TROPICAL STORM GUSTAV, OUTER BANKS, NC.
September 10, 2002
Tropical Storm Gustav formed from what was a sub-tropical system in the western Atlantic off the east coast of the United States on September 8th. We watched it closely and the forecasts called for a close call with the Outer Banks of North Carolina as a strong tropical or sub-tropical system. I rode down with team member Chuck Ripple to meet up with Mark somewhere in Cape Hatteras and prepare for whatever Gustav threw at the coastline. Recon was investigating the system on the tenth of September and found that Gustav had transitioned to a warm core system and was now a full fledged tropical storm. Winds would be near 60mph as it passed just to the east of the Outer Banks. The Hurricane Intercept Research Team traveled up and down Hwy. 12 taking wind readings and shooting video as the storm passed by. The wind was blowing large amounts of sand into the air and onto Hwy. 12 throughout the day as the maximum wind gust recorded on the Isuzu at the base of the Bonner Bridge was 66mph. Other than some heavy rains and the sand on the roadway from gusty winds, Gustav passed by with little fan fair to Cape Hatteras and the Outer Banks. Gustav would later become the first hurricane of the 2002 season as it moved to the northeast away from the coast. Once into the Nags Head and Kitty Hawk area of the Outer Banks, Chuck and I stopped across the street form a gas station that had their awning blowing and rocking in the wind. It looked like it was going to come down and we stopped to shoot video. Local station WAVY TV 10 was there as well from Hampton Roads. The awning never came down all the way, but a few hours or so later it tilted almost to the ground. We were gone from the area by that time. Below are video stills taken that day that show what it was like on the Outer Banks.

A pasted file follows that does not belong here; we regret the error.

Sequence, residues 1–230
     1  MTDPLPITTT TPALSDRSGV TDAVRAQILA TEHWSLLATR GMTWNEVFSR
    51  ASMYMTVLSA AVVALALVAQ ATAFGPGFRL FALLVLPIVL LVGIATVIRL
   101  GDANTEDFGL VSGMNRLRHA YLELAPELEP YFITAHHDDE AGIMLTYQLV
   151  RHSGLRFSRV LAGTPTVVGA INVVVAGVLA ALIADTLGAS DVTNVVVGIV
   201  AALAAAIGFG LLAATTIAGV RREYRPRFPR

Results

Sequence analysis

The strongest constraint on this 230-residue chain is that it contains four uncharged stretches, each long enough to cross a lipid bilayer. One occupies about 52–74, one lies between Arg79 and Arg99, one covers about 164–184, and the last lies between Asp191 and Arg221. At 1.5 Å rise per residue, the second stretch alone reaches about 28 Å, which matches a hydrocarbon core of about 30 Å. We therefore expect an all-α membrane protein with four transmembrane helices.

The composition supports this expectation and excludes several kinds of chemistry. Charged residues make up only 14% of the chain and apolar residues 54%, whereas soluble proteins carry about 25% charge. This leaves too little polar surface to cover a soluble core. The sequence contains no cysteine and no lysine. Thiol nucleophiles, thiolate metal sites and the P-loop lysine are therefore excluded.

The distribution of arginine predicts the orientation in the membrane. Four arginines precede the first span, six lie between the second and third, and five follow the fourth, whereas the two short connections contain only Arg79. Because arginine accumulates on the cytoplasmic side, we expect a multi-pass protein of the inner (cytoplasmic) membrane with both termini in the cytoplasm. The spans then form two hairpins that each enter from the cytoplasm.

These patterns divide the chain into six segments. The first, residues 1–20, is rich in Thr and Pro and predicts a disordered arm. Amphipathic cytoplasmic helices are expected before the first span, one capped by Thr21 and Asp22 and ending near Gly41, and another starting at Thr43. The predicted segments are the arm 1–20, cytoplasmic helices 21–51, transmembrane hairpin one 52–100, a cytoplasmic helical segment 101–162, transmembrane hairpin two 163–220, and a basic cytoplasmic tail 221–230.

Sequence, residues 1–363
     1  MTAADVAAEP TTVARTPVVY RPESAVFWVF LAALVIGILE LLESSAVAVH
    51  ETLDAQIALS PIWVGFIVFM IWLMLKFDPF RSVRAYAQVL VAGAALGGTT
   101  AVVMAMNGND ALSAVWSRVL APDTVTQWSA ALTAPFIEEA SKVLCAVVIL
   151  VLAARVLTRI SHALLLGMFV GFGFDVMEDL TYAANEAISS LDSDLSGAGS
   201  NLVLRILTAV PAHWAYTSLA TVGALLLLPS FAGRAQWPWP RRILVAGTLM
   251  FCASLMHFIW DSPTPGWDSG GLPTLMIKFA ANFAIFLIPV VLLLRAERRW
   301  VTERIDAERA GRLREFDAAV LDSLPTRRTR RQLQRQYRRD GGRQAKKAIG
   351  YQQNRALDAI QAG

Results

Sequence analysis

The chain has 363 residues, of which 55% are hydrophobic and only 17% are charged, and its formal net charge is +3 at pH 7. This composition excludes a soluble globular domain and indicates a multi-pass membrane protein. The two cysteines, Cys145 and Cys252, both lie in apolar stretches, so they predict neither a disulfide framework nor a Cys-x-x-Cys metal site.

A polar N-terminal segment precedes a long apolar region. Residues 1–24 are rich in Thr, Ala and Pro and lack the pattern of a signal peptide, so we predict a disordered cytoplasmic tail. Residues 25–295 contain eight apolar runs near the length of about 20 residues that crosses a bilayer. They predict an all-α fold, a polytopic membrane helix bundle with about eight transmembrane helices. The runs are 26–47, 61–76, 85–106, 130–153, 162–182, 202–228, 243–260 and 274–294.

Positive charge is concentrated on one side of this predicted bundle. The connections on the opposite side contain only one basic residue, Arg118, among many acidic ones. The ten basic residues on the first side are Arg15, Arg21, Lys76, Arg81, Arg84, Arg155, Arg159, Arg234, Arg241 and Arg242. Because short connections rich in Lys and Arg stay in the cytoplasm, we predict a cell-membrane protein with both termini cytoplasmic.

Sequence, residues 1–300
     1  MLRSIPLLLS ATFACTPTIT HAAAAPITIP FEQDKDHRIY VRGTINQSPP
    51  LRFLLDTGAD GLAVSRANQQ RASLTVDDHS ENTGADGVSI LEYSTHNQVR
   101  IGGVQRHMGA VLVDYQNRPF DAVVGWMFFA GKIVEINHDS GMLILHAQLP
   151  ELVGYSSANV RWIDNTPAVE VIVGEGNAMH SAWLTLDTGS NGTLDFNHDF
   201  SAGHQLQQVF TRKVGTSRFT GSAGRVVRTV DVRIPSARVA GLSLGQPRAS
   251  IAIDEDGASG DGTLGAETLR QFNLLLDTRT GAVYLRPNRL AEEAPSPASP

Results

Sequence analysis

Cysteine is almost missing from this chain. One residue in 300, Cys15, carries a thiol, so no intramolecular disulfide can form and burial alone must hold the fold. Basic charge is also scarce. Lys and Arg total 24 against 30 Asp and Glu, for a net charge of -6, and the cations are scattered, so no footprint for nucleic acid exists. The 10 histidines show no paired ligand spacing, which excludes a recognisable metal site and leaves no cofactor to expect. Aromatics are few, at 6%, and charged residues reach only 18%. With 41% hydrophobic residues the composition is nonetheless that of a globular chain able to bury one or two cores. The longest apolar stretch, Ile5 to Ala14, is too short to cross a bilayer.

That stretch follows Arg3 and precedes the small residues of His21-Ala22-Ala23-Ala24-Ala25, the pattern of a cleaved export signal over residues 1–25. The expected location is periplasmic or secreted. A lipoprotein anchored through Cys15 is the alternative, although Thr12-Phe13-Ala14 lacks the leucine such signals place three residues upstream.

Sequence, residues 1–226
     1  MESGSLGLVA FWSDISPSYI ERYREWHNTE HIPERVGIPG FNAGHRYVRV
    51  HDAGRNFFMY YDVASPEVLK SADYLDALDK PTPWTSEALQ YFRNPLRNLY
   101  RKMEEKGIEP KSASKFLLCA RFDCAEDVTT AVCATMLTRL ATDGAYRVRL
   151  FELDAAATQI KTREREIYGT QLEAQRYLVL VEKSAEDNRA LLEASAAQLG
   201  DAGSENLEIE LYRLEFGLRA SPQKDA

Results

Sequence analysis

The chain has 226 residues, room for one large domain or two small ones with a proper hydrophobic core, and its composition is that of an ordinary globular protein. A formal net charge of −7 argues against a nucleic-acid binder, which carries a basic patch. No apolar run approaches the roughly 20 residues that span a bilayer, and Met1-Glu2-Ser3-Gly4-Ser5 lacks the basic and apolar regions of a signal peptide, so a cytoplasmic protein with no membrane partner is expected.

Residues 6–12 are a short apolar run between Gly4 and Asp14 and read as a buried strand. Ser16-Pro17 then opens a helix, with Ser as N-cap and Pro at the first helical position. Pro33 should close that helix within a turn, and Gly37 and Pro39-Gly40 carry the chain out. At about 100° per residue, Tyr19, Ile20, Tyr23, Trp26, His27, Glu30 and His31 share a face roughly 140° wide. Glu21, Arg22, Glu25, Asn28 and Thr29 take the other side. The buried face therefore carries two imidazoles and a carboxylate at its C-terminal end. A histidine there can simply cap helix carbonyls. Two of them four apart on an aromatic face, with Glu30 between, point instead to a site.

GUSTAV VIDEO CLIP: Still to come
Early in the day, you can see where the wind was already starting to pile the sand onto Hwy. 12.
In a few areas of Hwy. 12, the heavy rains were already starting to flood the street as well. Here we were headed northward towards the Bonner Bridge from Cape Hatteras.
Once Gustav's winds stated to really be felt, Mark ran to the top of the dunes to shoot he waves and wind on the beach.
Here you see we stopped along Hwy. 12 on the side of the road to shoot video of the sand beginning to be blown heavily into the air and onto the roadway.
Nearing the peak effects of Gustav, you can see little actually. This is a shot of tones of sand being blown into the air by 40-60mph wind gusts.
Now near the base of the Bonner Bridge, Mark recorded a 66mph wind gust in the driving rain.
In the three photos above, you can see just how strong the wind was, and how much sand was being blown into the air. It looked like rivers of sand coming down the dunes and streaming off into the air.
Just south of the Bonner Bridge, road crews were trying to keep the road clean from the sand. Here a bulldozer was clearing part of Hwy. 12.
Back north of the Bonner Bridge in Kill Devil hills, this gas station awning was rocking in the wind. Several people were attempting to fill up while this was going on. The Ford Explorer owner accidentally locked his keys in the car and had to break the window to move the Explorer before the canapé came down on it.
All Images Copyright Jesse V. Bass III and VaStormphoto.com